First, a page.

From the Wilderness
Image by James Lee, provided by Pexels.com
There’s a specific portion of a book I recently read that resonated with me. In Sue Monk Kidd’s book, The Book of Longings, the story follows Ana, a Jewish girl who knew at an early age she had a fire within her—a well full of living water with words to write and stories to keep. In her prayer bowl, she inscribes:
Lord our God, hear my prayer, the prayer of my heart. Bless the largeness inside me, no matter how I fear it. Bless my reed pens and my inks. Bless the words I write. May they be beautiful in your sight. May they be visible to eyes not yet born. When I am dust, sing these words over my bones: she was a voice.
If you’re here, you likely follow me on Instagram, Twitter, or you are a friend still tracking with me on Facebook. You know I have my own story. I worked in vocational ministry for three years hoping to do work that would bless and grow God’s kingdom, but things quickly fell apart. My experience broke me—mind, body, and soul—and I have had to do the gritty work of collecting the broken pieces and asking Jesus to restore them. And I believe he is.
My journey to healing hasn’t been linear, and I don’t think it is meant to be. There have been detours and obstacles, and, more often than not, I would much rather sit down and cry than try to figure out a way forward. When the hard days come, I know it’s my body telling me to grieve. So, I let myself fall apart. But I also have days where God has given me enough fuel to traverse the rockiest terrain. In every season—in feast and fallow—he has given me the manna I need. He extends it to me daily. And each day, I have to make the choice to accept his sustaining hand.
I want to be upfront: I am not healed. But I’m getting there. Jesus is healing me through the tears I weep. He’s healing me on the days I want to rage and even through my rage. He is getting me through it, and, friend, most days, it is not pretty.
A large part of my healing has come through owning my story and reclaiming my voice. The fear and the shame that kept me quiet made the largeness in me so small. But through articulating my story, I reclaimed that largeness and the gifts within. The eager young woman I was, the one willing to work for the Kingdom of God while on church staff, she still has the gifting that God has given her. And now, having walked through Gehenna, I have the wisdom to use it. In my writing and through connecting with so many of you, I gained my sense of self, I have found community, and I was reintroduced to the magnificence of Jesus again. And I am more whole for it.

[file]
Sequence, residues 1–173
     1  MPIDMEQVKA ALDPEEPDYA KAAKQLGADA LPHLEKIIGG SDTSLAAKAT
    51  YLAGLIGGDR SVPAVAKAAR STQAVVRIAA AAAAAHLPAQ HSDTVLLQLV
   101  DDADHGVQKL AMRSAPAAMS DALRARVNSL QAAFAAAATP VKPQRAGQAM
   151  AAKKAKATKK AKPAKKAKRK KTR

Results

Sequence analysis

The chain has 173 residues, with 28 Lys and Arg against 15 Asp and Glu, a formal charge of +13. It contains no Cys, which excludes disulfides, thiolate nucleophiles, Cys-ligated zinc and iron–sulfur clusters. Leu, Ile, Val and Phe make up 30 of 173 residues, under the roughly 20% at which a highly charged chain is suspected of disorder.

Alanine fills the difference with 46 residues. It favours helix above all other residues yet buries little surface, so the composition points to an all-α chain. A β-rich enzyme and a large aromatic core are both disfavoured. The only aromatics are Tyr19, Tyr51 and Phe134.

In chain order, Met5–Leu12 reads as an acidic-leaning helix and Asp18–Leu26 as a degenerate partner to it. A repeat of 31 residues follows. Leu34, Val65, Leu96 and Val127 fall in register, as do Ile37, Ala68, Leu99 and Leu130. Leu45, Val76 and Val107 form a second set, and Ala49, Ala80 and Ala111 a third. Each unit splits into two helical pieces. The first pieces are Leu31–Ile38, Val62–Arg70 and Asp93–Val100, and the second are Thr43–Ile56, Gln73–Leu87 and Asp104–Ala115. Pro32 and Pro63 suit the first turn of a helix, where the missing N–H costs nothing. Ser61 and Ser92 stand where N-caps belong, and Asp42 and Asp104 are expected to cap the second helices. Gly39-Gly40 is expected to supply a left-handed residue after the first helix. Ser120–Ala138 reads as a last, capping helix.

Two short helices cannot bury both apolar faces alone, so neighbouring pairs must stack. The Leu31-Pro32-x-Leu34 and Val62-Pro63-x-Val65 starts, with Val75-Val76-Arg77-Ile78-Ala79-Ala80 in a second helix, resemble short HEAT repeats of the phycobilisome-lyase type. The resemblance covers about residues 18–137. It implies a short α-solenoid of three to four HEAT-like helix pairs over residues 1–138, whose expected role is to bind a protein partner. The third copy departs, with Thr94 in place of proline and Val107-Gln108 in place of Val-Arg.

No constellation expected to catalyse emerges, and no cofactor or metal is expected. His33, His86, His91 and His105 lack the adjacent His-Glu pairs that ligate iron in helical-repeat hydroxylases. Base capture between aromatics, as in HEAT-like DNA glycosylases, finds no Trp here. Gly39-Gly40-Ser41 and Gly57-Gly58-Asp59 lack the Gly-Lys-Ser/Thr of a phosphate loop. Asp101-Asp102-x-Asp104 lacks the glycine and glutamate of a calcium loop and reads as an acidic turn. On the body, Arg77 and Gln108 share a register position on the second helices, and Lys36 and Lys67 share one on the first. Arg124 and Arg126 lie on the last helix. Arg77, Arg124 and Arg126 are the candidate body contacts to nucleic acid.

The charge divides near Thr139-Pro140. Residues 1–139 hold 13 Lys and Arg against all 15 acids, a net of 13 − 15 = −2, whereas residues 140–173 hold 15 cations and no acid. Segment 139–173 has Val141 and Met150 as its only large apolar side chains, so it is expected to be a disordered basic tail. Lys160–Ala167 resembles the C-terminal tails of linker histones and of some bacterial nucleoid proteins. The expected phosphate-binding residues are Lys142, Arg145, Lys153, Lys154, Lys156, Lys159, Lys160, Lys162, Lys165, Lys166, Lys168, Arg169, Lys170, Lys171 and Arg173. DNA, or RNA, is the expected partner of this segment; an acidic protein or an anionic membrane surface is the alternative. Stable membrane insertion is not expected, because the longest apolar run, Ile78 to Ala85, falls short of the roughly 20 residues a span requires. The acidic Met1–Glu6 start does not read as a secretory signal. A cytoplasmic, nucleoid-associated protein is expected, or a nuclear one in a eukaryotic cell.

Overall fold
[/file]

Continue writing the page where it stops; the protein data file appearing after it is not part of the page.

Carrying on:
I am a scarred but whole.
My aim for this newsletter is to help you remember that Jesus makes broken people whole. Many of you have had your churches or communities hijack Jesus to justify sinful abuse done his name. I want to make very clear that that is not what Christ stands for.
I don’t want to talk AT you. I want this to be a conversation. I want you to know you are not alone in picking up the broken pieces of your life. There are so many of us doing that work with you. I want to help you reclaim the voice that others quieted. I want to display the power of story—YOUR story. I want to remind you that God has planted a largeness in you that the world so often wants to stymie. And, for goodness’ sake, if everything above sounds boring and dumb, I only want you to give me the opportunity to be in your corner, cheering for all the good and beautiful elements God has called you to be.
So, the prayer from The Book of Longings I now pray over us:
Lord our God, hear our prayer, the prayer of our heart. Bless the largeness inside of us. Let us not fear it, but embrace it. Bless our pens and our documents. Bless the words we write. May they be our worship unto you. May they remain for those who come long after we are gone. And when we are dust, sing over our bones: they were voices crying out in the wilderness.
From your sister in the wilderness,
K.J. Ramsey’s This Too Shall Last
So…light, easy reading. 😏
Feel free to share your thoughts in the comments of this post. If you’re a voice in the wilderness, what’s the message God’s given you to speak? I look forward to reading.